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Shopping Lessons

April 14, 2010

Last Summer when Monkey was 2.5 years old we made his first grocery shopping list. As much as I would have liked him to stay buckled into the cart I had to let him walk around. His brother was now a little over a year old and too big for me to carry around the store strapped to my body. Monkey was quite curious and tended to lag behind. It seemed that I had four options when it came to toting my kids around the store. Choice #1:  Pray that one of those two-seater monstrosity shopping carts were available and spend the entire trip breaking up kicking fights and crashing that beast into aisles. (I tried it once and vowed never to do it again.) Choice #2: Put Bruiser in the front seat and Monkey in the cart part where the groceries go. I tried this too. The chips got crushed, the bread was flat, I had to carry the eggs around in my hand and listen to Monkey whine that the milk and frozen vegetables were too cold. Choice #3: Bruiser sits in front and Monkey walks along side of me. This worked better than the first two, but Monkey would still dawdle. I was constantly prodding him to come along. I tried to have him help me put the stuff in the cart, but that wasn’t quite good enough. Choice #4: Let Monkey do the shopping on his “own.” I figured it was at least worth a try. He got a toy shopping cart for Christmas and some food stickers. I had been planning on doing this all along, but wasn’t sure if he would be ready to do it at 2.5 years old.

The night before we were to go shopping I made my list. I got an index card (I’ve since started digging through the recycling for cardboard pieces from cereal boxes and such) for his list. I wanted him to cross off the items just as I did, but knew paper would be too flimsy. The next morning I showed him what items we needed to buy and he made his “list.” More of a group, really. I tried real hard to choose one item from each aisle so he would stay focused the entire trip and not fill his cart all in the first few aisles.

I took along a clothes pin and when we got to the store, I clipped his list to the seat back of his shopping cart.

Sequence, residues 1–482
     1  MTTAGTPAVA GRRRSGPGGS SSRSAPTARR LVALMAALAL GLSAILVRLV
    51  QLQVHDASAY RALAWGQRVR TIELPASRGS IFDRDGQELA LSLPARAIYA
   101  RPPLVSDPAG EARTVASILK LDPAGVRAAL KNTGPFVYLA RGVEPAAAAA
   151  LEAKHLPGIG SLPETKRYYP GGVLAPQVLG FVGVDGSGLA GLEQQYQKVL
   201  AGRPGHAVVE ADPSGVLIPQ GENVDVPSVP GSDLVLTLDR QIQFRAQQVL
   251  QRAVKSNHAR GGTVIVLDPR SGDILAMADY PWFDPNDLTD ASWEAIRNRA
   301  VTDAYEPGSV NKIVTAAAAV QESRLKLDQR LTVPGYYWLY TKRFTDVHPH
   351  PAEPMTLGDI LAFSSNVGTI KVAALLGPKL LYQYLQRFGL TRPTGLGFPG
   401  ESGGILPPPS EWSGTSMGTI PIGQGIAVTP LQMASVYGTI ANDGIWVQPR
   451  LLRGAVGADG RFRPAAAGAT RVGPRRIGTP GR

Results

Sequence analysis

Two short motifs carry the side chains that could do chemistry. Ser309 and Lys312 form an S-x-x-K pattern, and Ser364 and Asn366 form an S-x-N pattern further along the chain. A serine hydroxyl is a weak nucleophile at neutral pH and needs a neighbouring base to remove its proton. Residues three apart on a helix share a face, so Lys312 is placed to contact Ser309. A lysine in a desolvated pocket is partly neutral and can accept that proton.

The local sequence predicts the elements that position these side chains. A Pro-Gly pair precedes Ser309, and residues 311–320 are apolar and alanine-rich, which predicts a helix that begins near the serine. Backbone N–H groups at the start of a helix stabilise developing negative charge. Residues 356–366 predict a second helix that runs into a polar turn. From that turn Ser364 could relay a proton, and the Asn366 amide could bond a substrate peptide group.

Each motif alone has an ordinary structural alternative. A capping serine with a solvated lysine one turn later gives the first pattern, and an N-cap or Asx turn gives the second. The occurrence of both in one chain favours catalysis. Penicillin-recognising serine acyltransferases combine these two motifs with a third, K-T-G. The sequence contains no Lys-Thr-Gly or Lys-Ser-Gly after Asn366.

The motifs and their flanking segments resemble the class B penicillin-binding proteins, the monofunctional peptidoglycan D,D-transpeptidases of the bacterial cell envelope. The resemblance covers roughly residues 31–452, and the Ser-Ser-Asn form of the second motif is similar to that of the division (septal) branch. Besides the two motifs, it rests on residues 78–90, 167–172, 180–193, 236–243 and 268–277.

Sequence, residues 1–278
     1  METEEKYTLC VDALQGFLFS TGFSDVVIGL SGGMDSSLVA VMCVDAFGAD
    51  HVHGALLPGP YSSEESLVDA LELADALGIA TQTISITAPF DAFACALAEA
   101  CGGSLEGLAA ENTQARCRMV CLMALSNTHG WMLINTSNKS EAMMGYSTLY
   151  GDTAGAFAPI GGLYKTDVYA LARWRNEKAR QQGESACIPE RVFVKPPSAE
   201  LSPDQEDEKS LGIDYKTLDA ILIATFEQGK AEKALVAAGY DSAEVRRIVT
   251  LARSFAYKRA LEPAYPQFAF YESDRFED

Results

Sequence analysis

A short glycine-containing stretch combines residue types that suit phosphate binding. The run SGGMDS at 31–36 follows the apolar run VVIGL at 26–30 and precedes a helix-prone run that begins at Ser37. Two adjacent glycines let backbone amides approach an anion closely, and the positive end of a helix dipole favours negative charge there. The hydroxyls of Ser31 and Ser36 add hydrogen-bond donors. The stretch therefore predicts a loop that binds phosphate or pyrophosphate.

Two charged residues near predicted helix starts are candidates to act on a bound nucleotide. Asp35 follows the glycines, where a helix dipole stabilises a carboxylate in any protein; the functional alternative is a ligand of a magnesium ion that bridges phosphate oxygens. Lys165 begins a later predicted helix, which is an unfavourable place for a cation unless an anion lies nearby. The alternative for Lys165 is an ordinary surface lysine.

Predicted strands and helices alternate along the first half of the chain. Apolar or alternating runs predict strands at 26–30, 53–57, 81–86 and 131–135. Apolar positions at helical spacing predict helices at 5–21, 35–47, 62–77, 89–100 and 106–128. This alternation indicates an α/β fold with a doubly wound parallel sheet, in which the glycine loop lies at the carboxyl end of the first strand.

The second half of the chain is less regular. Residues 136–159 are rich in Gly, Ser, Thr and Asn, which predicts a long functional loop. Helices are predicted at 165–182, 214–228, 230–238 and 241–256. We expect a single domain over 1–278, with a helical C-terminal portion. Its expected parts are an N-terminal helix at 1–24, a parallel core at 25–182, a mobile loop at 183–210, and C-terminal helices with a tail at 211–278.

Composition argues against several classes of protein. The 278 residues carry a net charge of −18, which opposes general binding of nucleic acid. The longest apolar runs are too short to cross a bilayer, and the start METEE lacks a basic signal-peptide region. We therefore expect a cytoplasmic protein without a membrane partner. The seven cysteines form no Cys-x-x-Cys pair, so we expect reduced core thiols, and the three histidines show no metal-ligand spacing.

That way the list was right there in front of him the whole time so he always knew what he needed without stopping and fumbling with a piece of paper. I started drawing squares for him to place his stickers, so his lists would be a little more orderly. Here is a list from the fall.

Oh, and no we are not a fish stick family. Since he can’t read, I told him those were granola bars. =) Ditto for split pea soup (ICK!). It was just soup.

After laying down the rules of pushing your own cart. He was ready. The entire way to the store we talked about shopping by himself and went over the rules. Monkey does really well remembering things in groups of three’s so I never make rules any longer than that. Here was our rule set:

1- No crashing. Always steer nicely.

2- Only put things in your cart that are on your list. (Something that I stick to as well).

3- Stay with Mommy.

Here’s the camera phone picture I took of him in the store doing his thing. He needed constant reminding about the steering nicely part because he was too distracted with his list and what was in his cart to look up and watch where he was going. Overall, he did really well.

We shopped like that nearly every week through the summer and fall. I started to get weary of the constant reminding to watch where he was walking so I used the winter to take a break. I explained that it was too cold to bring his cart. He couldn’t push it in the snow or it would get yucky. He asked to bring his cart for about a month before he stopped asking. I still engaged him in our trips and turned his focus to observing other things in the store.

Now that it’s spring I’m getting ready to let him bring his own cart again. This time I think the biggest problem will be Bruiser’s jealousy. He’ll be two in a week and isn’t nearly obedient enough to push a cart of his own, but I know he will want too.

This morning I was cutting out some coupons and Monkey ran to get his own scissors. He told me that he needed coupons for Walmart too. I handed him the pages that I didn’t need and showed him how he needed to cut on the black dotted lines.

Bruiser kindly turned the light on for us. And then off. And on. And off. And then I yelled. And then I apologized for yelling, turned the light back on, and took the stool away from Bruiser.

Monkey’s doing a pretty good job with his scissor skills. I don’t think that Walmart will accept that coupon, but I’m sure it will work at our pretend grocery store at home!

Then, like he does so well, Monkey got distracted by the ad on the other side.

He was really getting into it when the phone rang. It was the Chief just calling to say hello.

It makes me smile when my kiddo is so proud of his accomplishments that he wants to tell someone. And it makes me smile when my preschooler is learning the life skills that his Mama is teaching him. And enjoying it along the way.

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